Tregs are critical regulators of the adaptive immune system and play especially important roles in autoimmune disease and tumor immunology. However, prior studies have used inconsistent definitions to identify these cells with suppressive activity, and the extent of phenotypic and functional heterogeneity is not clear (22, 27). Therefore, by focusing on cells that express one or more markers associated with suppressive activity (markers of “Treg-ness”; Supplemental Fig. 1C), we examined the relationships between these markers and markers of differentiation, function, and trafficking using One-SENSE (Fig. 6). Our data illustrate a diverse expression pattern of regulatory markers among seven apparent Treg-like functional subsets (Fig. 6A, Supplemental Fig. 3A). FOXP3 is predominant in three subsets (labeled Treg-like 1, 2, and 3), with various expression of CD25, CD39, and CTLA-4 (Fig. 6B) (28). Although they are distinct, each of these subsets appears to be quite homogenous with respect to all other markers probed (on the “All Others” axis). These three subsets fit best with canonical descriptions of Treg populations previously reported (22).

In contrast, the subsets labeled Treg-like 4 and 5 have minimal FOXP3 expression, and are both heterogeneous in their effector and trafficking marker expression (Fig. 6B, Supplemental Fig. 3B, 3C), which is hardly observed by *t*-SNE (Supplemental Fig. 3D). Lastly, cells with a FOXP3^{−} (29) regulatory profile, which we labeled Treg-like 6 and 7, display elevated expression levels of IL-10 and LAG-3 (29), respectively (Fig. 6B). In summary, this analysis of Treg-like cells demonstrated how One-SENSE could be used to highlight and quickly describe the heterogeneity of cells expressing markers associated with suppressive activity. We anticipate that this analysis approach would be well suited for identifying populations of cells associated with immunological dysfunction, such as in the context of autoimmunity or cancer.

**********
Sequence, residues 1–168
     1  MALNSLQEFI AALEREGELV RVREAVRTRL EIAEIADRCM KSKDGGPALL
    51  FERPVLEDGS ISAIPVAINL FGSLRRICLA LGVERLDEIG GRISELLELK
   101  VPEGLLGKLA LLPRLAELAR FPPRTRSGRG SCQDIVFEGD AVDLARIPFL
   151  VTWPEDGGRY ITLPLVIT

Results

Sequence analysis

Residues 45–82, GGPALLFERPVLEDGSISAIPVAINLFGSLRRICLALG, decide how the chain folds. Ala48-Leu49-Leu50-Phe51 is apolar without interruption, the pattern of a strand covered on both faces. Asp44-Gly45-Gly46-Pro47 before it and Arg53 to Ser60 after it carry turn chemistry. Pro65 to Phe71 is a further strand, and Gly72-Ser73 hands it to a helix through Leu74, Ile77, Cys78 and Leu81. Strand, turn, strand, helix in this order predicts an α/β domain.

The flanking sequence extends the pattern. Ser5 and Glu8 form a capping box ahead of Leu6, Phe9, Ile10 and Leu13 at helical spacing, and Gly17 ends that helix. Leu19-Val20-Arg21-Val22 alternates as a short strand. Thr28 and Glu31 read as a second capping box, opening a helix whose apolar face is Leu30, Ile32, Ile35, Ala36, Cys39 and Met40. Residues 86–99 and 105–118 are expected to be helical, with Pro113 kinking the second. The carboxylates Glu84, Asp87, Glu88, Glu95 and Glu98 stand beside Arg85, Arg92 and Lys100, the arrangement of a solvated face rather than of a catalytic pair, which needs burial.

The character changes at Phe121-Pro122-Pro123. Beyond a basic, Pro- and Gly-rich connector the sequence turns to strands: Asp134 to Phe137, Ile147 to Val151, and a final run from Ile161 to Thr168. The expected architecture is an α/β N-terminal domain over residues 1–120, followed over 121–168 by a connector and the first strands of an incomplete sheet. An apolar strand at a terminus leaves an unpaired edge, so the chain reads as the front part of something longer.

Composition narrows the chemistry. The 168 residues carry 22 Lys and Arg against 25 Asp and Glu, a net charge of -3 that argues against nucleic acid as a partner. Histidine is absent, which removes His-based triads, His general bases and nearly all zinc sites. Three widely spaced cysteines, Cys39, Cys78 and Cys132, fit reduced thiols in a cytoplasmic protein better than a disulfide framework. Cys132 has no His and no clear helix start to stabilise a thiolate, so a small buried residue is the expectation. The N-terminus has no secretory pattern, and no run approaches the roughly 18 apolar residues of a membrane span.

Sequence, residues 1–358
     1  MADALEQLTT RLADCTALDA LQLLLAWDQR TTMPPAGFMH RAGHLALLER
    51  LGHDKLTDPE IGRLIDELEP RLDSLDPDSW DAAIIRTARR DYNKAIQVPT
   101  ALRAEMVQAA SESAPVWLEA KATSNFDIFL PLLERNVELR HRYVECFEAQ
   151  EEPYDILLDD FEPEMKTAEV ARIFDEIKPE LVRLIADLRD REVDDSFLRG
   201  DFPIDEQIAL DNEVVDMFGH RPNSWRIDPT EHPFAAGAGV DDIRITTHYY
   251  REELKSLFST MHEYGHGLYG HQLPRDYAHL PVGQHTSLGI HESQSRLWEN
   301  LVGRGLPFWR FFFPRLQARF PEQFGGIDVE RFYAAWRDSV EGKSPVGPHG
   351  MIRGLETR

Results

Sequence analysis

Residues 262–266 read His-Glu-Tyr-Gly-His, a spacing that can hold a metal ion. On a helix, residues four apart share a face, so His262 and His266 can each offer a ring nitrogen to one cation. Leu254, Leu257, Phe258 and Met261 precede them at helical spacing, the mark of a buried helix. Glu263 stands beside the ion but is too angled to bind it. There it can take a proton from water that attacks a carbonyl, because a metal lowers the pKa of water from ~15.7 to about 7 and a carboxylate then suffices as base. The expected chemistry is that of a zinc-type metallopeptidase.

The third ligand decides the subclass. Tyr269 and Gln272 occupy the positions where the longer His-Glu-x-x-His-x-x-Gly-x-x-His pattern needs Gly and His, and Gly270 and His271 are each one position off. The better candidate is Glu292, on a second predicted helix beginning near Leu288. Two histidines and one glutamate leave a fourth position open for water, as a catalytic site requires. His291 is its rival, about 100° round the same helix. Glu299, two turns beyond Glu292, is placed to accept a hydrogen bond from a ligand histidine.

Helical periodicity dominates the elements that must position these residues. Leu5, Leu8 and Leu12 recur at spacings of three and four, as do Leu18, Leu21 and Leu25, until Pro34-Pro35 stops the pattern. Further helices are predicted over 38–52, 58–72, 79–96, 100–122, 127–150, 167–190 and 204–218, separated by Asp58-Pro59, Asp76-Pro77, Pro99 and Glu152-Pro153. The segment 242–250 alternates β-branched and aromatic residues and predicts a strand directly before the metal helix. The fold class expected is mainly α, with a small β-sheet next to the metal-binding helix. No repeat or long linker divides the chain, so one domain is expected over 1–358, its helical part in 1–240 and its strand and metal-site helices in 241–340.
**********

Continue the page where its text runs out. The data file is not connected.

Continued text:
## Discussion

Using example datasets, we demonstrate the utility of One-SENSE in uncovering the depth of T cell heterogeneity. One-SENSE uniquely provides users with the ability to assign multiple parameters to predefined categories, while preserving the essence of the *t*-SNE algorithm. Our data demonstrate how this approach can be used to intuitively visualize relationships within high-dimensional data and to test hypotheses regarding the existence of these relationships.

One of the major limitations when using dimensionality reduction analysis on mass cytometry data, including SPADE-, PCA-, and *t*-SNE–based algorithms, is the annotation of cell clusters. Because visualization of protein markers one by one on a *t*-SNE map is not ideal, describing the coexpression of two or more markers is even more difficult. Researchers have to subjectively anticipate the possible combinations of markers, which could lead to potential bias when considering unknown cell subsets and the heterogeneity of cells. One-SENSE provides an objective and effective systemic overview of marker annotation (including protein coexpression). It allows direct assessment between cellular properties and the observation of subtle differences within common cell subsets, as we demonstrated in this article using MAIT cells as an example.